One out of three Hongkongers would emigrate if they had the chance, according to a Chinese University of Hong Kong survey.

The university’s Hong Kong Institute of Asia-Pacific Studies said that compared to a similar survey in September 2017, “there [had been] no statistically significant change.”

Protest march teresa cheng
Hundreds marched in the rain to protest the DoJ’s decision not to prosecute CY Leung on December 23, 2018.

The main factors responsible for Hong Kong people wanting to move were dissatisfaction over political disputes and social splits, as well as that of local living conditions.

When respondents were asked to rate Hong Kong’s quality of living between 0 and 100, the average score for Hong Kong as a livable city rated by the respondents was 62.1. The institute said it was “a statistically significant drop from that of last year.”

The institute successfully interviewed 708 people over 18 between December 11 and 17, and the response rate was 37.3 per cent. The sampling error is plus or minus 3.68 percentage points, at a confidence level of 95 per cent.

Around 34 per cent of the respondents indicated they would emigrate if they had the chance.

Among those who would like to move, 16.2 per cent are planning to move. The institute said that figure was not statistically significant when compared with 13.4 per cent of last year.

Lion Rock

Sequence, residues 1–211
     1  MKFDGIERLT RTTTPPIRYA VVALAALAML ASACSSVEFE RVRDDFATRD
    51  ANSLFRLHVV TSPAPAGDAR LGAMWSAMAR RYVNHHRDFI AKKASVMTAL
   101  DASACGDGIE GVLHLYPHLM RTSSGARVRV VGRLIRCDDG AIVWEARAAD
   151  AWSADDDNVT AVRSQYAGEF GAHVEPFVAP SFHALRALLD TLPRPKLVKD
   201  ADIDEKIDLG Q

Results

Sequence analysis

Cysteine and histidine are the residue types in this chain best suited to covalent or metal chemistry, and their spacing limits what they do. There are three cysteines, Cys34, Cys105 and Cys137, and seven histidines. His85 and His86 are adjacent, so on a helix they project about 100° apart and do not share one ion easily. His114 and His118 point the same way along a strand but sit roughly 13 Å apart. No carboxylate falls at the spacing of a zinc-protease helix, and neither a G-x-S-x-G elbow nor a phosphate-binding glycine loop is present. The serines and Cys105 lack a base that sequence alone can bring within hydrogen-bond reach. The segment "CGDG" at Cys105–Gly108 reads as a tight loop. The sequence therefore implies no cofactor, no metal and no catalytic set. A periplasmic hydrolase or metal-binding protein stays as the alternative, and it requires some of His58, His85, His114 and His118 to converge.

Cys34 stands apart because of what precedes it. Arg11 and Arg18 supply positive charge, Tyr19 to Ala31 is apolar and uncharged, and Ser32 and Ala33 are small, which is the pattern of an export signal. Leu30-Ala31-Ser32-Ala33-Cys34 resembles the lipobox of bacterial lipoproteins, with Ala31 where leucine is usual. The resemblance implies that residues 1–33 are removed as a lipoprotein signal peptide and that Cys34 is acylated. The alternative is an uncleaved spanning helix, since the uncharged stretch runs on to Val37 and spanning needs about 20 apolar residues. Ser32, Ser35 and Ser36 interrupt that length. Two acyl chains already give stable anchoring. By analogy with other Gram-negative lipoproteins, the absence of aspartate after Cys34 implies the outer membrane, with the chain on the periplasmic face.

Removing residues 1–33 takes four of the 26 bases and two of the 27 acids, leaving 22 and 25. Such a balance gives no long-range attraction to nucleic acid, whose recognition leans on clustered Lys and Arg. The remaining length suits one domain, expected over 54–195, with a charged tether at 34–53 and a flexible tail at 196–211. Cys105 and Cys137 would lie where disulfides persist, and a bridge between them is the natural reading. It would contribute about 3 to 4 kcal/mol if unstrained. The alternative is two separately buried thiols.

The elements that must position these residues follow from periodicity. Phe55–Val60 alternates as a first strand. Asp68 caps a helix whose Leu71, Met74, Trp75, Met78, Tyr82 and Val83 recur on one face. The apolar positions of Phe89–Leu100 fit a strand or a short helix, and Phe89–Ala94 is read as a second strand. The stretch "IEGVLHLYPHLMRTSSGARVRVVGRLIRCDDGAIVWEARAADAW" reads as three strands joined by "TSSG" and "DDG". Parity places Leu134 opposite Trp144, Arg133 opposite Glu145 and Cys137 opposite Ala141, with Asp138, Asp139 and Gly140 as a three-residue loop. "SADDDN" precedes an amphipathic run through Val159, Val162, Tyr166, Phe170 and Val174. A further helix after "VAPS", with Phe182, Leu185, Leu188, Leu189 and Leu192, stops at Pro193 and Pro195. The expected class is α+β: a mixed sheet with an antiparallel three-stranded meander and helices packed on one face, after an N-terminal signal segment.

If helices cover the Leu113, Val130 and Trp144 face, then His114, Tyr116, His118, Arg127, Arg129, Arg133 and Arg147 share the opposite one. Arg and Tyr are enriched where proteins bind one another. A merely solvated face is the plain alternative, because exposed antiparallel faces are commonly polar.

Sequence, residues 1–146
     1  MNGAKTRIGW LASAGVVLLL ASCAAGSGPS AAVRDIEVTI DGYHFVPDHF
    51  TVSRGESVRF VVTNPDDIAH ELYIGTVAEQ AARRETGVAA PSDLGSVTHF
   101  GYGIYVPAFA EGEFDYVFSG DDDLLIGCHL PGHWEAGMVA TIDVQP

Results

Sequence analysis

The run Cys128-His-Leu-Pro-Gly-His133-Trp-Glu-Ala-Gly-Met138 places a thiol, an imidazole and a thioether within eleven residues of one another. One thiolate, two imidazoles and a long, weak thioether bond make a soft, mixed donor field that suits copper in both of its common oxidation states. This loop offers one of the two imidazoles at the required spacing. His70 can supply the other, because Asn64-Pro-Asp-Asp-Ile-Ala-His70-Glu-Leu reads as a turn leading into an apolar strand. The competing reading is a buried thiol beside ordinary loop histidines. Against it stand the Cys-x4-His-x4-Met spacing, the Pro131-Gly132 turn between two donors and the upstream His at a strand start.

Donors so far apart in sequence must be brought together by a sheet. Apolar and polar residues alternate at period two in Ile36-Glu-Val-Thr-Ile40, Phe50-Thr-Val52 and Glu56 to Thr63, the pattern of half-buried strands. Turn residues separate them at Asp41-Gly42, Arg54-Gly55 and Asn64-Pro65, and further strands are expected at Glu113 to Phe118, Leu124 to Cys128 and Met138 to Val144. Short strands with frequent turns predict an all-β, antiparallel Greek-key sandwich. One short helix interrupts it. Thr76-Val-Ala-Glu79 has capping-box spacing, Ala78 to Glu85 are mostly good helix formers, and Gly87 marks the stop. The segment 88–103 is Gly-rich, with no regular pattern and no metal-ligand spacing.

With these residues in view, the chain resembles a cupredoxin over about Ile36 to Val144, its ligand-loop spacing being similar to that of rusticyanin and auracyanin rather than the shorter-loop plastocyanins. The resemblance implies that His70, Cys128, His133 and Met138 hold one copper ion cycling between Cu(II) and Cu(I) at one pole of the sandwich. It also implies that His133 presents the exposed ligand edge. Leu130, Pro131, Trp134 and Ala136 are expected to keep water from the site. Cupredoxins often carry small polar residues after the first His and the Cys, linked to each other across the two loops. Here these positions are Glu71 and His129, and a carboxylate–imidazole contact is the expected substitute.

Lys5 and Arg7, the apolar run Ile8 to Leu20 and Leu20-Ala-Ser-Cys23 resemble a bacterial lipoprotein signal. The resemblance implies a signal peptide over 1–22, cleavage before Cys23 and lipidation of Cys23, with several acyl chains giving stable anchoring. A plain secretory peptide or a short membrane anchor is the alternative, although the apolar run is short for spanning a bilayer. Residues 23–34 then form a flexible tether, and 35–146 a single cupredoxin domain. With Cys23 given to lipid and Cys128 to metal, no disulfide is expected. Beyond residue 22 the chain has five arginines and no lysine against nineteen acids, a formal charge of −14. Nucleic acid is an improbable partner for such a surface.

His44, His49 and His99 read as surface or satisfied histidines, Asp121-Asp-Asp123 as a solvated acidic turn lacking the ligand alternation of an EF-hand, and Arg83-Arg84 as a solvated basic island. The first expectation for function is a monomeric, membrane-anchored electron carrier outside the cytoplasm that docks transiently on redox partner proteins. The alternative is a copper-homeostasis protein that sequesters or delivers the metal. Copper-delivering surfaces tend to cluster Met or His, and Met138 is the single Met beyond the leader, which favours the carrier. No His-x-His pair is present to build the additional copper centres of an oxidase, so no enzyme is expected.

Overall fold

Lion Rock with public housing in the foreground. Photo: Wikimedia Commons.

The survey found that the younger generation were more eager to leave than the older generation, with 51 per cent of the age group between 18 and 30 saying they had considered emigrating.

More respondents with college or higher education – 47.9 per cent of them – wanted to leave than Hongkongers from other levels of education.

The three most popular emigration destinations were Canada at 18.8 per cent, Australia at 18 per cent, and Taiwan at 11.3 per cent.

The top three attractive factors of overseas countries for respondents planning to move were “ample living space” at 35 per cent, “better air quality, less pollution and beautiful environment” at 22.3 per cent, and “more liberty and better conditions for human rights” at 15.6 per cent.

The institute said the top factors have not changed when compared to last year’s results.

Chinese University of Hong Kong. Photo: CUHK.

The top three aspects of Hong Kong that made residents want to stay were “convenience of life” at 46.9 per cent, “a Chinese society/the language the majority speaks/accustomed to life/friendly society” at 27.3 per cent, and “good infrastructures and institutions” at 25.9 per cent.

Only 6.7 per cent of the respondents had foreign right of abode, and 32.8 per cent had family members or relatives now living abroad.

Kris Cheng is a Hong Kong journalist with an interest in local politics. His work has been featured in Washington Post, Public Radio International, Hong Kong Economic Times and others. He has a BSSc in Sociology from the Chinese University of Hong Kong. Kris is HKFP's Editorial Director.